Effects Of Cryogenic Treatment, Hardening…www.theijes.com The IJES Page 7(d) (e) (f)(g) (h) (i)(j)Fig. 4.4 Microstructure of AISI D6 tool steel for different heat treatments samples at 1000x: a) HT, b)HTT, c) HTTT, d) HCT, e) HCTT, f) HCTTT, g) HC, h) HTC, i) HTTC, j) HTTTCd. Hardness MeasurementThe hardness of polished AISI D6 tool steel specimens was measured on a Rockwell hardness testingmachine. The samples prepared for metallography, are used for hardness measurement. The hardness ismeasured on “C” scale with 10Kg minor load and 150Kg major load applied. A minimum of 5 readings havebeen taken to estimate the average value of hardness of the specimen. The hardness of different samples isshown in Table no. 4.3.Table no. 4.3 Hardness of SpecimensSr. No. Sample Hardness (HRC) Hardness (VHN)1 HT 59.8 6932 HTT 60.4 7073 HTTT 60.6 7124 HCT 62.8 7705 HCTT 62.2 7536 HCTTT 61.4 7327 HCST 60.1 7008 HTCST 60.7 7159 HTTCST 60.3 70510 HTTTCST 60.1 700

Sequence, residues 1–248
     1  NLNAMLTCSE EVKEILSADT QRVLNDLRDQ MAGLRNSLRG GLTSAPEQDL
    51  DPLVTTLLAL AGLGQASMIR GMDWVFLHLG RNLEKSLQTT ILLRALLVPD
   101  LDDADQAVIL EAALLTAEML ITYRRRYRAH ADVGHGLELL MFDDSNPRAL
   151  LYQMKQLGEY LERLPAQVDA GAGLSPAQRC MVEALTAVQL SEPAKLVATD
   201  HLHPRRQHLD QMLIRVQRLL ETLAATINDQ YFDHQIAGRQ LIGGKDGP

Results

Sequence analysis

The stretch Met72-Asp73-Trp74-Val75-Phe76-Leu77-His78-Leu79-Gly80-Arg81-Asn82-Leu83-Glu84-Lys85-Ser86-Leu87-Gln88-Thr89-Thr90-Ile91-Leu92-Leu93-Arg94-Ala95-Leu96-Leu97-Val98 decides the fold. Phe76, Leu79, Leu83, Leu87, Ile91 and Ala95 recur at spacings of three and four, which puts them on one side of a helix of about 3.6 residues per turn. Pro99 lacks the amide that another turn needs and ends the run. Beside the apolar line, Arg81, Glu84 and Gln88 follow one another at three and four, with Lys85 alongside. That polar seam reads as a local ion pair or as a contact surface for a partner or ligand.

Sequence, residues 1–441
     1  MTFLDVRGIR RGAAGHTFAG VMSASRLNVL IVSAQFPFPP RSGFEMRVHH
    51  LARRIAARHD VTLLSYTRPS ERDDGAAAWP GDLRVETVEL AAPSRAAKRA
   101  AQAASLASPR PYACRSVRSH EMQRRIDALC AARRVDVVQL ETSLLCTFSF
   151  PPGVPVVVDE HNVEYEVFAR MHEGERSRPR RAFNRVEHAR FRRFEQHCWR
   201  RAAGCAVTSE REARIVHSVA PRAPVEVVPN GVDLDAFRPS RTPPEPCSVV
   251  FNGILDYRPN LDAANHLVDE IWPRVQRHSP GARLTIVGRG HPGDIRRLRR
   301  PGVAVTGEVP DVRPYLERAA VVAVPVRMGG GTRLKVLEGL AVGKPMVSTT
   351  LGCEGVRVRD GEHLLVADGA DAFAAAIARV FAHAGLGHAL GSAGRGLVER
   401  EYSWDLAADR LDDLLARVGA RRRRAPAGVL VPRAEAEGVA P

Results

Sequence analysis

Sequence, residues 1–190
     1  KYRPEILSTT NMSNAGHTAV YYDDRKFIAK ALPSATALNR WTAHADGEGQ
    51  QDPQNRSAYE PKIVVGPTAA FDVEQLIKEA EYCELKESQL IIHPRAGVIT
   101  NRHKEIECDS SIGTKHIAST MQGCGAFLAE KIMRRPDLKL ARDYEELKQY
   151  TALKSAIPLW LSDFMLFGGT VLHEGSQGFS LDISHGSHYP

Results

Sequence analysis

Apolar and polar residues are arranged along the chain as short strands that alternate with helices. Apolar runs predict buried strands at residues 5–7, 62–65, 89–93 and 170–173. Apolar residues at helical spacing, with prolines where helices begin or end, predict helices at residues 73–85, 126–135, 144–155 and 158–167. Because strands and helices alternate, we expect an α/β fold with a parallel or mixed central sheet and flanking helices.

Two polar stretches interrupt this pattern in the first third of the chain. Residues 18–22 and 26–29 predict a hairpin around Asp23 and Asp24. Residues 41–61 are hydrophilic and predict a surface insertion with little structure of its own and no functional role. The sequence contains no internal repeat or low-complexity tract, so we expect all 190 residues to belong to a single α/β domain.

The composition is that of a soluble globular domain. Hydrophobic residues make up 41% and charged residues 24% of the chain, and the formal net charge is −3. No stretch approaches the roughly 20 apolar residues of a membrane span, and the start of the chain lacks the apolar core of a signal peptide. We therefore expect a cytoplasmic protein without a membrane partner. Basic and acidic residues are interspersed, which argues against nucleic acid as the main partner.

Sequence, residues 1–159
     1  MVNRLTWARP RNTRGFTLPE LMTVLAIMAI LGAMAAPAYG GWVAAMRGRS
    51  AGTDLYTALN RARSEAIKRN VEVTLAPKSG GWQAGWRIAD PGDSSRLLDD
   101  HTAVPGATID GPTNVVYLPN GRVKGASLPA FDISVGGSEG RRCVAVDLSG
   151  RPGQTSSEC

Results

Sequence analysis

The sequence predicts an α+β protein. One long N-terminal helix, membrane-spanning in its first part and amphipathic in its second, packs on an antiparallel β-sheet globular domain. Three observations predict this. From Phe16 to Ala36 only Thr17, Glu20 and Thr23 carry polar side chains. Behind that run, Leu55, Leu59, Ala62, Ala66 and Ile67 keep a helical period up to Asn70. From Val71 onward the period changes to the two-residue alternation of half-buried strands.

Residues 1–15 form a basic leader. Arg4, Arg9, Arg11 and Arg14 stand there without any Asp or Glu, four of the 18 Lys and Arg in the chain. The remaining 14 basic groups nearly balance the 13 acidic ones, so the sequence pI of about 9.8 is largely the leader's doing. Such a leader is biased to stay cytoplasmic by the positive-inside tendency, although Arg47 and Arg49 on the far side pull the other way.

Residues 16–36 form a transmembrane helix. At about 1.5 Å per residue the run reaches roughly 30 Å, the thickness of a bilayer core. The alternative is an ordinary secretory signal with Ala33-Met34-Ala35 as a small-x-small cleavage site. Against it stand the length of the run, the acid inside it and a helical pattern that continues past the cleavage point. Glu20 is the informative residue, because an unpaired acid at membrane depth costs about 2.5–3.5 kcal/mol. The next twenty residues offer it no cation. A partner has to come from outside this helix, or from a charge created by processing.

Effects Of Cryogenic Treatment, Hardening…www.theijes.com The IJES Page 8e. Evaluation of Wear BehaviourIn order to investigate the resistance of the heat treated AISI D6 tool steels to adhesion wear; thecomputerized pin-on-disc tribometer as shown in Fig. 4.5 was used. Dry sliding wear tests were carried out onthis computerized pin-on-disc wear testing machine (DUCOM: TR 20LE, India). The specifications of pin-on-disc tribometer are shown in Table no. 4.5. Specimens of 9.20mm diameter and 30mm length was clamped ina holder and held against the rotating counter disc made of WC-coated EN-35 (68 HRC) with the roughnessvalue, Ra = 0.5µm. The faces of the pin specimens were polished and cleaned in acetone in an ultrasoniccleaner. The wear tests were carried out at two different normal loads (FN) of 30.41N (3.1 Kg) and 50.03N (5.1Kg) at a constant linear sliding velocity (V) of 1.5m/s and 2.5m/s in dry condition at the room temperature.The values estimated nominal contact pressure in the pin specimens are 0.4575MPa and 0.7526MPacorresponding to FN of 3.1Kg and 5.1Kg respectively. The wear tests were carried for 60 minutes duration. Allthese values are shown in Table no. 4.4. The surface of each specimen was cleaned at each time before eachtest. Every time new track radius of rotating disc was used so that pin was exposed to fresh surface of counterface. Wear and frictional force was measured continuously through a load cell measuring the tangential force.Fig. 4.5 Experimental Setup of Pin-on-disc TribometerWear rates (WR) have been estimated by volumetric method from the recorded cumulative height loss ofthe specimens with respect to sliding distance in the steady-state wear regime considering mean of at least twotest results under identical conditions.Table no. 4.4 Wear Test DetailsSr. No. Normal Load FN (Kg, N) Pressure P (MPa) Velocity V (m/s)1 3.1,30.41 0.4575MPa 1.52 3.1,30.41 0.4575MPa 2.53 5.1,50.03 0.7526 MPa 1.54 5.1,50.03 0.7526 MPa 2.5Table no. 4.5 Specifications of pin on disc Tribometer (TR-20)Make Ducom Ltd, Bangalore.Pin Size 3 to 12 mm diagonalDisc Size 160 mm dia. X 8 mm thickWear Track Diameter (Mean) 10 mm to 140 mmSliding Speed Range 0.26 m/sec. to 10 m/sec.Disc Rotation Speed 100-2000 RPMNormal Load 200 N MaximumFriction Force 0-200 N, digital readout, recorder outputWear Measurement Range 4 mm, digital readout, and recorder outputPower 230 V, 15A, 1 Phase, 50 Hz